I wasn’t a hermit, exactly, when Julianna was here, but I came close.
Work, grocery and toy acquisition took me out of the house almost every day, but the outside world felt distant, almost irrelevant. Everything real and important was contained within the walls of our home. We were cocooned in a soft, magical space where the wit matched the décor (sparkling). There were every-colored ponies, Julianna tigers and vaccines delivered with soft needles.
Cruelty existed only in the form of the disease that necessitated our cloister. It spun its web and counted down, but on every day except for her last, we were safe in our lovely cocoon. There was nowhere else I wanted to be.
When Julianna died, it – everything – was ripped open. The world hadn’t ended like I felt it ought, and I was in it again.
It was a shock. On the first airplane ride after she died, I heard a pair of passengers dismiss our flight attendant as “old” and “rough looking.” Apparently, it was funny.
“Really?” I thought. “Is this what it’s like out here?”
And I missed it even more, the world we had created, the one that followed the rules of a girl whose love flowed out of her heart, onto her shoulders and into the dozens of kisses she blew to me every day. How would I survive in this other world?
The answers didn’t come all at once. I put a bright pink streak in my hair — because she marked me. I had a necklace made, a snowflake with a little pink diamond center, and asked for a chain strong enough to last the rest of my life. Hair dye and bespoke jewelry were my armor against a harsh, bewildering world. Unconventional, perhaps, but I knew she would approve.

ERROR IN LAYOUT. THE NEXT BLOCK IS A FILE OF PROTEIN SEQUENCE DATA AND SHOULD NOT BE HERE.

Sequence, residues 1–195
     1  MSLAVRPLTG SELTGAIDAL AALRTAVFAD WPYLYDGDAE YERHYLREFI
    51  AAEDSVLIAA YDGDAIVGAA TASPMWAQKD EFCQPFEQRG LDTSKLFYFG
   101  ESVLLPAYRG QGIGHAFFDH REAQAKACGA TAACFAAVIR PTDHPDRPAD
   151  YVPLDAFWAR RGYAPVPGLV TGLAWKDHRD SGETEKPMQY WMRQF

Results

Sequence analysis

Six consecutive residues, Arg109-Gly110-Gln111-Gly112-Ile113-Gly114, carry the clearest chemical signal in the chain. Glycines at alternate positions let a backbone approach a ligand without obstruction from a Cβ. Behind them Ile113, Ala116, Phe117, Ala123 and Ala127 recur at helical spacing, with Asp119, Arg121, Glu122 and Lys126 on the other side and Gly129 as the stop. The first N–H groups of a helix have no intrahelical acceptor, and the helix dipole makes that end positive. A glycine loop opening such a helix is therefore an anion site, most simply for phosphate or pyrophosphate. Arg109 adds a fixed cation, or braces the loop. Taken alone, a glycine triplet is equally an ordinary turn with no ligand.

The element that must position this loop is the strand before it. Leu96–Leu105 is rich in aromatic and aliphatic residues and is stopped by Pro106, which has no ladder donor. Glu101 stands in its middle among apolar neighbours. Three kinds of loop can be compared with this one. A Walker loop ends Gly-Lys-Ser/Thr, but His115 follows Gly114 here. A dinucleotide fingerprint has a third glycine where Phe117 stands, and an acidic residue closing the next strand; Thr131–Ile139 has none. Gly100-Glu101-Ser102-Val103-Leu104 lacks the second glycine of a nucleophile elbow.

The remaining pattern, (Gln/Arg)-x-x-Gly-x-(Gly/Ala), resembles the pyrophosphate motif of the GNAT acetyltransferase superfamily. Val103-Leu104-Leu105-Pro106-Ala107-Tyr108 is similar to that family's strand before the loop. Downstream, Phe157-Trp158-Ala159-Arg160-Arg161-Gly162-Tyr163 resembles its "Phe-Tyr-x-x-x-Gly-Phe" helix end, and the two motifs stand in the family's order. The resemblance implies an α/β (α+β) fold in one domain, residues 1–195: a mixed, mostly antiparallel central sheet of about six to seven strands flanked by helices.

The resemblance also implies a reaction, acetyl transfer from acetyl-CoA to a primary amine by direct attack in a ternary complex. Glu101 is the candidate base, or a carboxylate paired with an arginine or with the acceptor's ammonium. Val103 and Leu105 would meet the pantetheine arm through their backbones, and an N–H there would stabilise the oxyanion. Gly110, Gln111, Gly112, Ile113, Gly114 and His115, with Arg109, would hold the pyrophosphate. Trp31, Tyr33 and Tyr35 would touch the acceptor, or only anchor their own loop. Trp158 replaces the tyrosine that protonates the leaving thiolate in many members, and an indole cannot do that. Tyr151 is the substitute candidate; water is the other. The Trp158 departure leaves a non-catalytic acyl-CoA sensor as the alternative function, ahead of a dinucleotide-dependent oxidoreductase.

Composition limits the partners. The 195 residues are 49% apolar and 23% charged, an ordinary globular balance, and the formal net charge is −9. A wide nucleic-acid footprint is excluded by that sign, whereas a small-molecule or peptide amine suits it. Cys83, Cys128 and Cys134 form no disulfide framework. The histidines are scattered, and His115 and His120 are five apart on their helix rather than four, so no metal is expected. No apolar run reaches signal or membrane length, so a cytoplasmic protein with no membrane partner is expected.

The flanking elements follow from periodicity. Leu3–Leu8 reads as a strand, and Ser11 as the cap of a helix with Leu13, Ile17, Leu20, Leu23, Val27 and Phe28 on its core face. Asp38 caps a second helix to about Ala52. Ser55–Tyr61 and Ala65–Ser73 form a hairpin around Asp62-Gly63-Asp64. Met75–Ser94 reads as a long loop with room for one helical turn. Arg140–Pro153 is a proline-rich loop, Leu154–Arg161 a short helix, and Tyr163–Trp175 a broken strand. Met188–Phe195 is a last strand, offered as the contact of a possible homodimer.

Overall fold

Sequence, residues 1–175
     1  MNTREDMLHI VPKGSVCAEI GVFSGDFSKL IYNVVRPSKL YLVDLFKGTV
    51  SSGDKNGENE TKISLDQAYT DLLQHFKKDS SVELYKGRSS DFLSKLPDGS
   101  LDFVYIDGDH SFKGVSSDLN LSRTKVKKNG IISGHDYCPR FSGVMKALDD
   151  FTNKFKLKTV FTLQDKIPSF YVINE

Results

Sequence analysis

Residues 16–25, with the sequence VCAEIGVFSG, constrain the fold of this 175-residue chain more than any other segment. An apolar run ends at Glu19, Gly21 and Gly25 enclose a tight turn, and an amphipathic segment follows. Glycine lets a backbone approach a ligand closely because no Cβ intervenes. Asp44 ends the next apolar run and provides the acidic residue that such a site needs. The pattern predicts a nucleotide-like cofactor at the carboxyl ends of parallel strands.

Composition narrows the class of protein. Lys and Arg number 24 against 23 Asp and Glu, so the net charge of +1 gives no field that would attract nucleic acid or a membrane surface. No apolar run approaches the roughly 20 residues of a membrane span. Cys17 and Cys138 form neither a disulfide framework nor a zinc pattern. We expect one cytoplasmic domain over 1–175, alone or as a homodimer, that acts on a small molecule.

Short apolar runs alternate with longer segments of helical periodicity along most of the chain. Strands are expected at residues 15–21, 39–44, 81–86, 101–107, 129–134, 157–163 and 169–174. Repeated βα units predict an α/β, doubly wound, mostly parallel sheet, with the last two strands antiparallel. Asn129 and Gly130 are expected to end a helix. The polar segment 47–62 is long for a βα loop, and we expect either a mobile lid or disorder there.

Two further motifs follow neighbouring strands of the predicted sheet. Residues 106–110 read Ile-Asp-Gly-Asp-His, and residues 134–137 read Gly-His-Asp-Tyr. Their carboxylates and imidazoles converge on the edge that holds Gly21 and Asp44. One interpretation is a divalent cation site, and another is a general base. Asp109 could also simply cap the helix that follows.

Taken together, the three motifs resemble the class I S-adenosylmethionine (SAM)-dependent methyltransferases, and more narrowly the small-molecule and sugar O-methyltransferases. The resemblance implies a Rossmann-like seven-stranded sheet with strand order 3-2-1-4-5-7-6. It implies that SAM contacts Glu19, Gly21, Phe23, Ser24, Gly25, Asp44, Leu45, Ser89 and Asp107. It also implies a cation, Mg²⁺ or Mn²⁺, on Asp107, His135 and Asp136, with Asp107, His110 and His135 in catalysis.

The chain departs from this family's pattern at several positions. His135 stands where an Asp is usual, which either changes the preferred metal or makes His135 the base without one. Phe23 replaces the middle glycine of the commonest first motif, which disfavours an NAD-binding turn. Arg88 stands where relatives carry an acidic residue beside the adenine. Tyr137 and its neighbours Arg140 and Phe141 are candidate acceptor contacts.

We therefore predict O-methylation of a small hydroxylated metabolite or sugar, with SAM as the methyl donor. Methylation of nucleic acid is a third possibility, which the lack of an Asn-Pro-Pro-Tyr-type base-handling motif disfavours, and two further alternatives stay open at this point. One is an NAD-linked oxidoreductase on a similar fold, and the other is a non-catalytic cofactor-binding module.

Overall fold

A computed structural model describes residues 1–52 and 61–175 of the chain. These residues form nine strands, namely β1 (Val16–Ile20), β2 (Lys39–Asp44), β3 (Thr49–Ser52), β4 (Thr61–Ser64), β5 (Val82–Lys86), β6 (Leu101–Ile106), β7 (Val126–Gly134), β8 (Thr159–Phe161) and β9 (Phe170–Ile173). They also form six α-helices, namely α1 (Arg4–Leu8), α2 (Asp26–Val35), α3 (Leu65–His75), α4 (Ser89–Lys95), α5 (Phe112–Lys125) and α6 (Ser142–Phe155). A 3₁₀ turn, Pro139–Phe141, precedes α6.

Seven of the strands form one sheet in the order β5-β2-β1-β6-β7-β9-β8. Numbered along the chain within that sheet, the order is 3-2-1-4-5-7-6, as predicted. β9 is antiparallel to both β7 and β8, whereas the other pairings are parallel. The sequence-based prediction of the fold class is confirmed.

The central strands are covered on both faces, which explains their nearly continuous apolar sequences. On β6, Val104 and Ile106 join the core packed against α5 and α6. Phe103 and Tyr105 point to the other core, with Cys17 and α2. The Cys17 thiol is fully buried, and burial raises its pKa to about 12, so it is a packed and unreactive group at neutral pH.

Finding a new life after monstrous loss has been a dance of stepping forward (to what?) and retreating, humbled and shattered. Compartmentalization can pass for courage, but it’s like treading water: it buys time but takes you nowhere. And you can’t do it forever.
Peace and purpose in a post-Julianna world have been hard-won, first coming in flashes, then in fleeting bits turned into stretches of time. I do best when I carry her with me and look for her everywhere. Yes, it keeps me closer to the pain, but I can’t have it both ways.
She’s gone – my God, she’s really gone…but she was glorious, and she was mine. How lucky was I?
Life outside the cocoon is still bewildering. She’s here, though. I just have to keep following her lead.
One more thing….
T-shirts like these are another piece of my armor.
I hadn’t planned on doing another set of shirts, but people keep asking — even if they don’t know the story behind it, they respond to the message.